A fresh strawberry aroma filled the air and gravel stirred under shoes and dog paws as shoppers crunched along the path between tents manned by farmers and artisans at Stage Fort Park Thursday afternoon.
The occasion was the opening of the Cape Ann Farmers Market for a seventh season and its third at Stage Fort, and the sunny location at the edge of the park created a pristine backdrop for the market and a festive location for kicking off summer’s eve, with a live band humming out tunes.
Paul Cohan finished setting up his tent just a few minutes after the market opened at 3 p.m. and soon visitors were already leaning in to check out his packaged smoked fish and nab a sample from a fish shaped tray. This year marks Cohan’s first year selling his Sasquatch Smokehouse fish at the farmers market. He will also debut a stand at the Rockport farmers market Saturday.
“I love just getting to talk to people and putting the personal touch on it,” Cohan said.
Another vendor with a bipersonality, Alexander Thompson, worked his Ma’s Brands pickles stand nearby. He popped the seal on a glass jar of bread and butter pickles, and jiggled the slices into a sample bowl, explaining all the while their merit.
“See the little orange bits?” he asked holding up a jar. “That’s the fresh turmeric. It gives it the flavor and the glowing color.”
Thompson’s great grandmother had passed her pickle recipe down to his grandma, then down to his grandma who raised him. The trick, he says, is using fresh turmeric rather than the dried ingredient mixed into most retail brands. Thompson only set up shop at the farmers market part time last year, but this year he will shell out his pickles each Thursday.
“This year I’ve bucked up and bought (a vending spot) at every one,” Thompson said. “It’s selling so well.”
Two children, one six and the other seven, ran toward a tent of knitted goods, carrying an oversize disc of bread they had just picked out from the A & J King Artisan Bakers’s stand. Their mothers, a pair of sisters, sat at spinning wheels dancing their feet on the pedals to a silent rhythm. The women, Amanda Cook and Elizabeth Grammas, sell goods from their businesses Salty Yarn and Lizzy Knits.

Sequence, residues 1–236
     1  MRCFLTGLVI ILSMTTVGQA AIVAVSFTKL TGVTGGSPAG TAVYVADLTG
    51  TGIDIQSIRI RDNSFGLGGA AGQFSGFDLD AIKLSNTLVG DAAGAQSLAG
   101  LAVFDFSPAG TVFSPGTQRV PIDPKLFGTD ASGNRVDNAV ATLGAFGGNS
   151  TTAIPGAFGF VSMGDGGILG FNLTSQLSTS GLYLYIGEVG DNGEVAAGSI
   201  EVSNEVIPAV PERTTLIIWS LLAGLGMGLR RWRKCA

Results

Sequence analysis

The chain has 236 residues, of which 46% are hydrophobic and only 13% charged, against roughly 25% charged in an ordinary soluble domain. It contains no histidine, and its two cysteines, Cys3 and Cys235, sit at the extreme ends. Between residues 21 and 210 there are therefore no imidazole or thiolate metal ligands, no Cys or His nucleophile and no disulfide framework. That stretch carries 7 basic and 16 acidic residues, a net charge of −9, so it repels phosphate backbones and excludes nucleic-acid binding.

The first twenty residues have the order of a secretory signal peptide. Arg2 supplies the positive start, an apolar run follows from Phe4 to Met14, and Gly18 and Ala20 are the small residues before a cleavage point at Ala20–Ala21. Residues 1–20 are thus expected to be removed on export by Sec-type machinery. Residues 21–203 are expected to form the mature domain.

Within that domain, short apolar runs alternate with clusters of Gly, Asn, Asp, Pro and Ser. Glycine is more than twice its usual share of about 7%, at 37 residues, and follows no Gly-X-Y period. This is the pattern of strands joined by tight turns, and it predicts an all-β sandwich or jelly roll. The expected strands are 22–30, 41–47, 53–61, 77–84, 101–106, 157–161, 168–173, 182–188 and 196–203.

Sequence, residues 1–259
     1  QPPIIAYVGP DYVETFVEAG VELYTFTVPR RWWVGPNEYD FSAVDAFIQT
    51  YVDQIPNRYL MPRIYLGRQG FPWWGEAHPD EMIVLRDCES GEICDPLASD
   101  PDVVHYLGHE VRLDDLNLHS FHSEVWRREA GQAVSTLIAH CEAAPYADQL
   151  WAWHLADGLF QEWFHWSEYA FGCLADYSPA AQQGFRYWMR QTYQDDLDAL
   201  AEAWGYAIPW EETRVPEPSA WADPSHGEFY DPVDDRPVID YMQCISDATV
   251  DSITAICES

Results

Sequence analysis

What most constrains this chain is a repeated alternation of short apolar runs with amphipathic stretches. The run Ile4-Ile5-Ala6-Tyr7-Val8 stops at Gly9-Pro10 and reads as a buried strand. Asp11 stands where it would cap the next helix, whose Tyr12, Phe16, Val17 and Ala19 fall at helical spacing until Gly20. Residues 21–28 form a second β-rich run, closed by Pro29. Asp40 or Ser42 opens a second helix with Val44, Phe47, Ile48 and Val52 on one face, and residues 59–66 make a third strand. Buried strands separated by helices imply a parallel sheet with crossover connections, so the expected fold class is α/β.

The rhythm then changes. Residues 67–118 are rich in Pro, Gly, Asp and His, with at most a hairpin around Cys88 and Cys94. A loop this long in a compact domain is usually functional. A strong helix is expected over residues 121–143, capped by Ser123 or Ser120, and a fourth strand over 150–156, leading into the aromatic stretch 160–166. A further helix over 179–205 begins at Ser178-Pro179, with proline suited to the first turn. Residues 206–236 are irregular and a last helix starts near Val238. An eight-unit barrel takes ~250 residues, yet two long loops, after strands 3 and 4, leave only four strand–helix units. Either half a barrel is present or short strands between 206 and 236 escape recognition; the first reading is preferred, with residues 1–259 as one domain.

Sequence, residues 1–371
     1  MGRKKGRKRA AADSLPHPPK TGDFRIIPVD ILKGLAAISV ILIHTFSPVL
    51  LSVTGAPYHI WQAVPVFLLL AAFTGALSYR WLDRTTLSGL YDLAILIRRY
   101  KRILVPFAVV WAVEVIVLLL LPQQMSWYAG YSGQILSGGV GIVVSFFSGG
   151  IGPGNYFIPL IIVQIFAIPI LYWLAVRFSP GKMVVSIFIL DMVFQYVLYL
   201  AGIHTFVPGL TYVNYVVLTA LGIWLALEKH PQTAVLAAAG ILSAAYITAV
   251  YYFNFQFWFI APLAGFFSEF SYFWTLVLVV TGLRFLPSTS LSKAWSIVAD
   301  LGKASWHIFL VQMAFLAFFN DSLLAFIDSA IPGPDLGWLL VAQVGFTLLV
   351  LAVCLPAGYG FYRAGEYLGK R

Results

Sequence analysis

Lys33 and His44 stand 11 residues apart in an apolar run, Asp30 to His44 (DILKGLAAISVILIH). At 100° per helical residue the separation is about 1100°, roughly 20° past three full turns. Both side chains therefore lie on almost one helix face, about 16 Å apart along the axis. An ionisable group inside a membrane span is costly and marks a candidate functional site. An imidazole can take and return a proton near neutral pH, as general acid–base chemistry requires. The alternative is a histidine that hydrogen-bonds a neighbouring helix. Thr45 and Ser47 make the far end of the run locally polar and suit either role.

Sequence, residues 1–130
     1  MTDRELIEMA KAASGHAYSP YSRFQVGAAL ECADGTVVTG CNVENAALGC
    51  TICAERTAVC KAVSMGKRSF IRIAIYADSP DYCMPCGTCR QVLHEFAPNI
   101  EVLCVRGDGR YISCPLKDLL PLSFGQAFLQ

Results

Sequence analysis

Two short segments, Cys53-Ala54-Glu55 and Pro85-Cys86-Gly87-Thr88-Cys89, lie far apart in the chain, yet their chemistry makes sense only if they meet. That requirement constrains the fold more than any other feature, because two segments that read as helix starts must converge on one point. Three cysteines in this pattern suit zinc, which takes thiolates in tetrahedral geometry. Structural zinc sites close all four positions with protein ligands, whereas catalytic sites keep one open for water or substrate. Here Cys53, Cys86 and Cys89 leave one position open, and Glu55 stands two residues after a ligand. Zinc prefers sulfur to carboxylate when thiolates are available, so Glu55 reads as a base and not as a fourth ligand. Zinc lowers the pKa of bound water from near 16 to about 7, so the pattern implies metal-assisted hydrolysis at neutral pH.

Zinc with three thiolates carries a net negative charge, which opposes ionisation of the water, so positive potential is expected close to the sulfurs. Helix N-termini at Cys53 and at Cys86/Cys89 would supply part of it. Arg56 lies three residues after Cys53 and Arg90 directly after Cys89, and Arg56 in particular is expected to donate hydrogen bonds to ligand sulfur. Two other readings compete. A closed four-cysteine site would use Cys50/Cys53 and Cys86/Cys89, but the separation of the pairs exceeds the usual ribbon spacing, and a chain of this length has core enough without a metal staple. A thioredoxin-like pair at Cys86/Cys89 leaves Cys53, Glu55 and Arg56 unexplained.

“It’s one of the best ways to spend an afternoon,” said Cook, as she put the last stitches on a pair of true blue baby booties.
Cook and her sister learned to create mittens, hats, jewelry, bags and more from wool after taking classes as adults. They sell only in person rather than online, usually at markets like the farmers market, and open a pop-up store called Present at different vacant Main Street shops each winter.
“We like the face-to-face contact with customers,” Cook said. “But really what we mean is when we sit at the computer, the kids bug us.”
By mid-afternoon the path had become comfortable crowded, with people milling around swapping buyers’ advice, pointing out the best free samples and munching on guacamole, Lebanese flat breads and baked goods.
Over the hubbub, Rockport’s Seaview Farm owner Ken Lane chatted with a customer about the values of grass fed beef and the characteristics of various beef cuts.
Lane, in his first year at the farmers market, began selling the products of his farm last August. His farmers market table offered fresh eggs, jam, cuts of beef, honey and more.
“We’re sort of just getting rolling,” Lane said. “This market has a great reputation. We’ve heard that it was good, and it will definitely add to our retail.”
Marjorie Nesin can be reached at 978-283-7000, x3451, or at email@example.com.